Financial statements given unqualified audit
Government’s financial statements for the 2012/13 fiscal year have been given an unqualified audit for the first time in six years.
The statements for the Consolidated Fund — Government’s general operating account — were tabled in the House of Assembly this morning by Finance Minister Bob Richards. The statements report the financial position, operations and changes in financial position resulting from the activities of Government.
Mr Richards said he was “pleased” that the Auditor General Heather Matthews had been able to endorse the figures, but noted that she had to include explanatory paragraphs on the increased level of Government’s net debt, increased levels of non-compliance with financial instructions and the preparation of summary financial statements.
“It is important to note that these explanatory paragraphs do not alter the Auditor General’s unqualified opinion, but are highlighted matters,” Mr Richards said.
“However the Government shares the Auditor’s concerns in these areas and has already started to tackle these matters.
“For instance the Ministry of Finance has already moved to a Medium Term Expenditure Framework, which is seeking to eliminate the deficit and ultimately reduce the debt.
“Liabilities related to pension and other employee future benefits are included in the net debt amount disclosed in the Financial Statements and the Government has already committed to review these benefits to ensure their sustainability.
“Whilst legislative changes are required to effect consolidated reporting, they are simply one aspect of a complex approach that would be required to achieve this accounting objective. Accordingly, progress is being made on this important initiative, but it should be emphasised that consideration must be given to resources, accounting systems, management roles and other factors that are critical in the accomplishment of this task.”
Mr Richards said the Accountant General had recently updated financial instructions and “revamped training”.
Mr. Speaker, with regard to the preparation of Summary Financial Statements for the Bermuda Government the Ministry agrees there are benefits to issuing consolidated financial statements and confirms that in the first instance, we will bring forward legislation to create the reporting entity under which the summary statements will be prepared.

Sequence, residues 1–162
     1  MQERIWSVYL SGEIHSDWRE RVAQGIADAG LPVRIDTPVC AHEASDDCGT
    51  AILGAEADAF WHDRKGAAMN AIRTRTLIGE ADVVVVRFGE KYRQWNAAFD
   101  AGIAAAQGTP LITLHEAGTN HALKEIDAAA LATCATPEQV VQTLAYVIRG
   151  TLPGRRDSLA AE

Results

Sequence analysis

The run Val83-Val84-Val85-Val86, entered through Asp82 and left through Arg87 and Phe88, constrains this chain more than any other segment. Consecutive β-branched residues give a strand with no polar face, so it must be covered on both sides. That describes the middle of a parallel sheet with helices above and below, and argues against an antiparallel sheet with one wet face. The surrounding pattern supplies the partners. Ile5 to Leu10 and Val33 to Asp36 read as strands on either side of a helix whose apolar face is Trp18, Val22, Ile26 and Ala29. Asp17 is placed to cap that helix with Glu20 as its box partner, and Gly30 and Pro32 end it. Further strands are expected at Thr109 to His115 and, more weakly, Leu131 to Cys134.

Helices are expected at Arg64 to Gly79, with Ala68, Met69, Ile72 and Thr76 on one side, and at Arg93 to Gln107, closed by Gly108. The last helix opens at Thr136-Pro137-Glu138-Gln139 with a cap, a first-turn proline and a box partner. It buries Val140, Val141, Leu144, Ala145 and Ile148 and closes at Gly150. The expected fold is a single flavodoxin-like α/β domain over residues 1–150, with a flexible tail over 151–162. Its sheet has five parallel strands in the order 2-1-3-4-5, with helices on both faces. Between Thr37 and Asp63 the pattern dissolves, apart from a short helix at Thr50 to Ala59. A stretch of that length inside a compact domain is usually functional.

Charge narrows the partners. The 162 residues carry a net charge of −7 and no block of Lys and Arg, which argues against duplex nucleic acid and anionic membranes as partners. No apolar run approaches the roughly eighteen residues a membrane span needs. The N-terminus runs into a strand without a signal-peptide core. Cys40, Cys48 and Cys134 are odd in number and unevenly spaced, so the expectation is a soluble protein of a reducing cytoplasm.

According to the statements, $866.6 million was allocated to the Consolidated Fund in 2012/13 — a drop of $47.6 million or 5.2 percent on the year before.
Payroll Taxes, accounted for $328 million or 37.9 percent of funding, while Customs Duty brought in an additional $169.7 million or 19.6 percent.
Mr Richards pointed out that revenues fell $43 million short of Government estimates at the start of the financial year, while expenditures were $23.4 million higher.
“The all-inclusive results from government operations — both current and capital — for the year ending March 31, 2013, was a deficit of $408.0 million,” Mr Richards concluded.
There are many non-cash expenses included in this figure. If we strip those away, the modified cash all-inclusive results from government operations — on the same basis that is shown in the Budget Book was a deficit of $225.9 million. In 2012/13 $51.1 million of interest was paid from the Sinking Fund and the Government matching contribution to the Public Service Superannuation Fund was suspended. If we include these items the deficit would be $309.3 million.
“Whether on a cash basis or an accrual basis the level of deficits mentioned above are not only unsustainable but economically and fiscally imprudent.
“The statements of the Consolidated Fund provide valuable information on the financial position of the Government and I would encourage the public to examine these statements.
Shadow Finance Minister David Burt welcomed the unqualified statements, but pointed out that they demonstrated that concerns raised about the numbers by the One Bermuda Alliance when it was in Opposition were unfounded.
“The Auditor General states that she received an ‘independent professional valuation’ which affirmed that the valuations of Capital Assets, which caused her to issue qualifications in previous years, were in fact correct,” Mr Burt said.
“We are pleased that the Auditor General has seen fit to remove this qualification, but given that there were no adjustments required, it should put to rest the accusations made by the Minister of Finance when he was in opposition that ‘there remain serious questions about the integrity of the numbers’.
“Given today’s removal of the qualification and no adjustments being made to the value of the Capital Assets we can put this era of ‘these questions, these doubts and uncertainties about the handling of the people’s money’ behind us.
“In order for our country to succeed, we must have trust in the civil servants who work for the government without fear or favour. The aspersions cast upon these hard working citizens by Minister Richards were uncalled for at the time and we are pleased that the integrity of their work has been confirmed
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